Because Gelb has been in the game for so long — since 1976, he has also been a CICS projects officer for SHARE — he has certainly seen some unique CICS applications. "Oh yes!" he exclaims. "I've seen some really, really strange ones that I cannot discuss because of non-disclosure agreements. I can tell you about some major ones that people would not expect to be CICS. Essentially, if you look at any one of the major telecoms, whether cellular or traditional, they are all major CICS users. I also had the pleasure of working on the design and the development of a major family of applications at the New York City Department of Education that supports over a million students. While there is a front-end running on Windows, a lot of the backend is still served with a CICS, VSAM and DB2 combination. Another interesting application is at one of the major fried chicken vendors that wanted to keep their recipe a secret. The way they did it is with a CICS application that randomizes the mixing of the secret recipe’s ingredients so industry spies cannot recreate it. Wal-Mart also has a very large installation dependent on CICS. Their back-end technology efforts are really exemplary. For example, they can create a complete test CICS environment for a developer faster than it takes to complete the request for it. They demonstrated this capability at a past SHARE session."

And even though Gelb's career has been long and exemplary, he hasn't lost any of his passion for the work. His IT background includes everything from data communications systems, applications design and implementation, performance management and capacity planning, determining optimum hardware and software requirements for mainframe and today’s dominant architecture of ever-present, multi-tiered systems with extremely high scalability, transaction rates, and availability requirements.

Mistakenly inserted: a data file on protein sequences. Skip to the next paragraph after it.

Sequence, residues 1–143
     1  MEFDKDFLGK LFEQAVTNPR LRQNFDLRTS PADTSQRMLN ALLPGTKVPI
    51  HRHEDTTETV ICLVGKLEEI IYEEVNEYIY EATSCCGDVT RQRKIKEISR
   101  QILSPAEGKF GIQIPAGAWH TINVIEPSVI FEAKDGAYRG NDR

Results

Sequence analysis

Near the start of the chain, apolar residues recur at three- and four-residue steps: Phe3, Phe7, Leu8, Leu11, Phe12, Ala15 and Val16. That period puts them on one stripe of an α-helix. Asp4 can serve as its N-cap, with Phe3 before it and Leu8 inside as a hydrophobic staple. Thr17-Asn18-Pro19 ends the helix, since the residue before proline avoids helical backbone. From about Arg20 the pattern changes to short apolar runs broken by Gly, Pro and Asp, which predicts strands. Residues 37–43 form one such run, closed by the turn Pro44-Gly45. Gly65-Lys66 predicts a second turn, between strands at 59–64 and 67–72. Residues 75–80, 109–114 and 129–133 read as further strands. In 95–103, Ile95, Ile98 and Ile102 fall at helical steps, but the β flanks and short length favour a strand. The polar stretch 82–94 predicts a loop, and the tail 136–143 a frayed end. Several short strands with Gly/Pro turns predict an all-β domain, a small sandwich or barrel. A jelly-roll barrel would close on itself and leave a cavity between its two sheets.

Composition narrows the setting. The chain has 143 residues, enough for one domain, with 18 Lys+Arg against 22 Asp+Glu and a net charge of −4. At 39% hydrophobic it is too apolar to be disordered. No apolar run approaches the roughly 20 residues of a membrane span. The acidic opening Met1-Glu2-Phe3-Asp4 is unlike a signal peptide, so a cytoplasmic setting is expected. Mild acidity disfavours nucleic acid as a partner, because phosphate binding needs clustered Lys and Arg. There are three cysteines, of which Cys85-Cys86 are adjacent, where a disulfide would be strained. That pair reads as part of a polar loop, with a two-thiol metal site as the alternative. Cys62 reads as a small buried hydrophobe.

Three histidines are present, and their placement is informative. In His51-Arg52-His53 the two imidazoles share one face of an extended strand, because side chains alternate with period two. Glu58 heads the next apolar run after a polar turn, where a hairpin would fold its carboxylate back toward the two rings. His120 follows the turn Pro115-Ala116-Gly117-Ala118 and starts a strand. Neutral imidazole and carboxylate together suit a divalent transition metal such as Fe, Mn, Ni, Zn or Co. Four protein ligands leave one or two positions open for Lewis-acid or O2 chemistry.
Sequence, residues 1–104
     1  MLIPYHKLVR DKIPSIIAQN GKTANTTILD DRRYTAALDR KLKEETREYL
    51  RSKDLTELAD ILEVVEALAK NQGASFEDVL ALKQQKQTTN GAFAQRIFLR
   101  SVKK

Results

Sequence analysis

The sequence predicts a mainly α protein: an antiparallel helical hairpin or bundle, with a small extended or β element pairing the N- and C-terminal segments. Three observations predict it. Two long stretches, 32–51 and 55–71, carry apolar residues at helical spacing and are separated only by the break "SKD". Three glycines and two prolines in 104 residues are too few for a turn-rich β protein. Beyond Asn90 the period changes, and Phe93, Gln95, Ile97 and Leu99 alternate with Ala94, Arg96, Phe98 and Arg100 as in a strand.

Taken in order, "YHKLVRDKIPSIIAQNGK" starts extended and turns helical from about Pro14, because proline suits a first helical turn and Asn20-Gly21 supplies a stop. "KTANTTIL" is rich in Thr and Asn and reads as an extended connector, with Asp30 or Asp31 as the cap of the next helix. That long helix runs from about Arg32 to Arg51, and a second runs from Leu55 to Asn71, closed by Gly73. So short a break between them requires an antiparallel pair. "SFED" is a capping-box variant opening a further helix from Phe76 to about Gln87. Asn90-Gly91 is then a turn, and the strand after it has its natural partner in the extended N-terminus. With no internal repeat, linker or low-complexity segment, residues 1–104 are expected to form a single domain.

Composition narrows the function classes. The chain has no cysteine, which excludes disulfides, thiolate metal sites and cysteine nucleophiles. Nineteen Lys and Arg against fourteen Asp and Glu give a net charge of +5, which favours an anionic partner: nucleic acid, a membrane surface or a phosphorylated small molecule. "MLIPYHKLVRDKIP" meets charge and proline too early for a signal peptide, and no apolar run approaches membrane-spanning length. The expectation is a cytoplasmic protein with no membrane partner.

"I love solving problems and making customers proud and happy with the solutions," he comments. "My goal is always to come up with the best possible business solution for a particular customer. I have been in business for just over 30 years. The good news is that because I am a mercenary, I can eliminate what could be the least favorite parts of my job. How's that for an added value? If there is a job we don't like, we don't have to accept it." Gelb adds, "I’m humbled by the positive feedback we receive. It's a good feeling to be able to create a solution that helps people when they are in trouble. That's when we get called."

He concludes, "The trend of the last few major CICS releases has been to make CICS more open, easier to manage, more flexible in getting work in and out, more scalable, while also keeping an eye on internal effectiveness. With CICS, there is now less work and less 'care and feeding' to get it out of the box and installed to the point where it actually does something productive for a customer. These days, you can accomplish that in under an hour, which is something that, years ago, would take weeks and multiple systems programmers. Today, it's down to less than an hour. The tactical and strategic CICS plans of IBM will keep this product as the best of the bunch."

Ivan Gelb is experienced in all the major IT architectures: IBM mainframes, Linux, Unix and Windows. He consulted at over 100 organizations, and is a career long supporter of SHARE, IDUG and Computer Measurement group, and a “decorated” presenter of numerous technical and management seminars.

— Information Inc.